Harper has by most accounts become closed off in recent years. His personality has been withdrawn. He famously began his first spring training press conference earlier this year with a written statement and a warning that any questions about his free agent future would result in him walking out of the room.

At least for a day, Harper was his old and congenial self. Though, he did explain why his personality has changed with the media in recent years.

"I think I've gotten older. I'm not going to say the same things at 16 that I do at 25," he said. "There were things that people did in college that they don't want people to know about. There are things that I've said in the media at 16 or 17 that I guess I was real about. I can't take them back and I don't want to."

Harper has been able to operate throughout the first half of the season while saying very little of substance to the media. The fact his batting average has dipped to just .214 has given him extra reason to put up walls.

As Harper addressed the media, he didn't offer any trademark one-liners, but he did get introspective about his life as a baseball player and his role as the face of the Washington Nationals.

He spoke glowingly about the franchise and the city, about how much he enjoys seeing the same faces every day, from his teammates to those in the front office to stadium employees and security guards. He shared his appreciation for the fans and area kids who look up to him.

The All-Star Game taking place in D.C. offered Harper a chance to reminisce. As Harper looked ahead to the Home Run Derby, he rattled off the most memorable homers he has seen at Nationals Park. 

He mentioned Jayson Werth's walkoff homer in Game 4 of the 2012 NL Division Series. He brought up the time Michael Morse hit one to the top of the Red Porch in left-center and the many times Adam Dunn cleared the third deck in right field.

Harper was asked about his the pressure of playing host and the duress of struggling in a contract year. He told a story from his days at the College of Southern Nevada that put it all into perspective.

"I got absolutely dominated for two weeks prior to our season opening before fall ball. I'm sitting there at 16 years old, I just got back from Team USA," he recalled.

"I got punched out like nine or 10 times in probably a matter of about 12 at-bats against my own team... I sat down and was like 'you know what, I don't want to do this. I want to go back to high school. I want to enjoy those moments and do that.' But I knew that I couldn't do that. I sat down and they said 'you can't come back, you tested out.' I said 'okay, you've gotta cowboy up.' I needed to do what I needed to do. A week later, we started our fall ball season and I went deep in my first at-bat at Cashman Field. The rest is history, I guess you could say."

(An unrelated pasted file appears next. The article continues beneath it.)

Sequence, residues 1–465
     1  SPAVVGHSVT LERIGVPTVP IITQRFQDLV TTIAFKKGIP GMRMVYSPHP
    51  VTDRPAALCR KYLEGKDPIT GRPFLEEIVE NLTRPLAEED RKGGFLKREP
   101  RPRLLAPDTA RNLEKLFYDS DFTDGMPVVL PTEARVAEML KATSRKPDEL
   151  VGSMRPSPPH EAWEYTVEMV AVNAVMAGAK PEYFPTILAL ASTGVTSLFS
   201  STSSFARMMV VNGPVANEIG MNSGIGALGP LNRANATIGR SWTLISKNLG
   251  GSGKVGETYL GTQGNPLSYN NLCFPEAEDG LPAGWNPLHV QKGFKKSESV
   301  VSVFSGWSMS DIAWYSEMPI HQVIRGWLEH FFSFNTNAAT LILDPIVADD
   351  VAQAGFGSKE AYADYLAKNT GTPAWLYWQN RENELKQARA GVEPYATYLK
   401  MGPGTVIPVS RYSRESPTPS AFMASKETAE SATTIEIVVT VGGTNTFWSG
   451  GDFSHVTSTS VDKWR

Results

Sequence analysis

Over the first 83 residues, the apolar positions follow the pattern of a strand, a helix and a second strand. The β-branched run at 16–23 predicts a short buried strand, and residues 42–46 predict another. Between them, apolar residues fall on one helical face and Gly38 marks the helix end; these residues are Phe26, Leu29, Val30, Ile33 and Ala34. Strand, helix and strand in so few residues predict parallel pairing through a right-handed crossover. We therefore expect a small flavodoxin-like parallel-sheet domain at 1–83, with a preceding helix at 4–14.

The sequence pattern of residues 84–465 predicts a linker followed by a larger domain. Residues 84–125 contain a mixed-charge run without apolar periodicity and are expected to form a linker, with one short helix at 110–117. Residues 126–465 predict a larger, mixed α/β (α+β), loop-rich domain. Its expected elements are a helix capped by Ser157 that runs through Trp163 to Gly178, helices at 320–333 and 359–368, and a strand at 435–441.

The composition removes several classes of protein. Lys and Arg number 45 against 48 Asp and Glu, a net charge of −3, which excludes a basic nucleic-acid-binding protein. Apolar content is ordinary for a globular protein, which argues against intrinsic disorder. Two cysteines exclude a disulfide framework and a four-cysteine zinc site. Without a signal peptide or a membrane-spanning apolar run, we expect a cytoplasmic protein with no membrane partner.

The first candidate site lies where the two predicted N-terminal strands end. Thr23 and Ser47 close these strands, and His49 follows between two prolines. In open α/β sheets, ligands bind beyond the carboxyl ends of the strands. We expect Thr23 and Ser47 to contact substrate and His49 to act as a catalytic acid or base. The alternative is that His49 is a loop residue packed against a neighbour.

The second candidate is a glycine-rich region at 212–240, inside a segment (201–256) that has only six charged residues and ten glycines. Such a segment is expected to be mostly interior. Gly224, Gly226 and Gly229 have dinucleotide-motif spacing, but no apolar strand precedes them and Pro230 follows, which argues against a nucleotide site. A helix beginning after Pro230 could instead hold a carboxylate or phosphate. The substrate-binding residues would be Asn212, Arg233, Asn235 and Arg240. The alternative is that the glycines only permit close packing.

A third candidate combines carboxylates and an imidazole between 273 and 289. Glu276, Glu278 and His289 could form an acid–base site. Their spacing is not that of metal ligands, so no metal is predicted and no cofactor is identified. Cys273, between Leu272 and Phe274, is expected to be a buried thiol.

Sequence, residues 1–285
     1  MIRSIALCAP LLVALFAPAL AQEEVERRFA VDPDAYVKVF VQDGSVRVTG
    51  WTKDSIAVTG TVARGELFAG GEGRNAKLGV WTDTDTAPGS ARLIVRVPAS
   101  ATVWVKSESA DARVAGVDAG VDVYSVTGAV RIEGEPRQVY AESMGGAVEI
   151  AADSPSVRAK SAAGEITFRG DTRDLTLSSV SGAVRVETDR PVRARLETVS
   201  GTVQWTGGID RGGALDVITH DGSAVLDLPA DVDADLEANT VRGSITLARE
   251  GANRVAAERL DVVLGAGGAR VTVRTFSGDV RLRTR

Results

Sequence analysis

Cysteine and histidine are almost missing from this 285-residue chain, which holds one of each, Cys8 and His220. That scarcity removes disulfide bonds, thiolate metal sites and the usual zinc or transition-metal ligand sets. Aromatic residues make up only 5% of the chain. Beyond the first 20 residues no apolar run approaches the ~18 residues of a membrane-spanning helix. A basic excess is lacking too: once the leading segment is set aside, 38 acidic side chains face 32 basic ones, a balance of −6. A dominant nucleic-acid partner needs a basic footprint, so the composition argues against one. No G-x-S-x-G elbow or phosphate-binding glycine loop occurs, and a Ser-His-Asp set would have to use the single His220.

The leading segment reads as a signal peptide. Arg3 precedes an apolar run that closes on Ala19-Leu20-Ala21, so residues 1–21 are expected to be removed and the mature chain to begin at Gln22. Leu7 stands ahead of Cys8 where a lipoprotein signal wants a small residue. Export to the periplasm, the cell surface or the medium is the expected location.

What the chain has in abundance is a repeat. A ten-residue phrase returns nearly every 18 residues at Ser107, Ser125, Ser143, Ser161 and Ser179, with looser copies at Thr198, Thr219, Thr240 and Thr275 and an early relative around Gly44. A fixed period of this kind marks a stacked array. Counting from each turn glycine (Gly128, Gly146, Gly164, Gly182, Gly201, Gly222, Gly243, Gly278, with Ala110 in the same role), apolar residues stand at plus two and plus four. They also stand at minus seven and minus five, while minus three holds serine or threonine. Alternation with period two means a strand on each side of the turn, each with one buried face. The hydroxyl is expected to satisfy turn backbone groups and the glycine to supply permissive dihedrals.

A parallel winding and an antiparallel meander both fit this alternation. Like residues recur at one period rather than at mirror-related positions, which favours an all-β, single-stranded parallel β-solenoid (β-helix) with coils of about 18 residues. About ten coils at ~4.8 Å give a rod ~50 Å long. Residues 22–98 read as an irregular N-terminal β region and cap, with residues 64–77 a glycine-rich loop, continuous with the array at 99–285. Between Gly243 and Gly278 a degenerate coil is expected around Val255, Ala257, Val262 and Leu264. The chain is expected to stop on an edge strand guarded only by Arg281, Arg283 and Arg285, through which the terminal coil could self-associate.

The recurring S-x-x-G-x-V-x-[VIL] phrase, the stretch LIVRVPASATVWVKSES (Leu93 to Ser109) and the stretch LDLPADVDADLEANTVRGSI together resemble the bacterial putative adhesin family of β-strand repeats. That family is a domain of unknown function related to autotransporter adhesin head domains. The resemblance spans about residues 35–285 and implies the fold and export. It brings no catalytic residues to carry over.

If Harper had indeed been able to go back to high school, his draft status would have changed. He never would have been drafted first overall by the Nationals in 2010.

Harper feels the pressure of playing in junior college ball with his draft status on the line, playing against guys who were four or five years older than him, was the toughest thing he has done in baseball. It prepared him for all of these moments, just like the media scrutiny did over the years.

"It was only what, [eight] years ago? It's those moments that make you who you are," he said. "I'm 25 years and old and I play this game of baseball every day. What pressure do I have to feel?... It's the game that I love to play. I'm getting chills [right now]. There's nothing greater than running out there wearing No. 34 and being Bryce Harper and loving the game that I play."

Harper remained patient and upbeat for the over 30 minutes that he addressed the media. He was soaking it all in and trying to embrace the attention he was receiving.

But it was one of those questions from above that provided a dose of reality to set in. When asked if it would be strange to play for another team, he reminded the reporters present of what could very well happen this winter.

"It's always a possibility [I leave]. I think that everybody knew that at the beginning of the year, that this could possibly be my last year in D.C. Everybody knows that. There's no elephant in the room. Everybody knows that it's a possibility, but I'm not really focused on that," he said.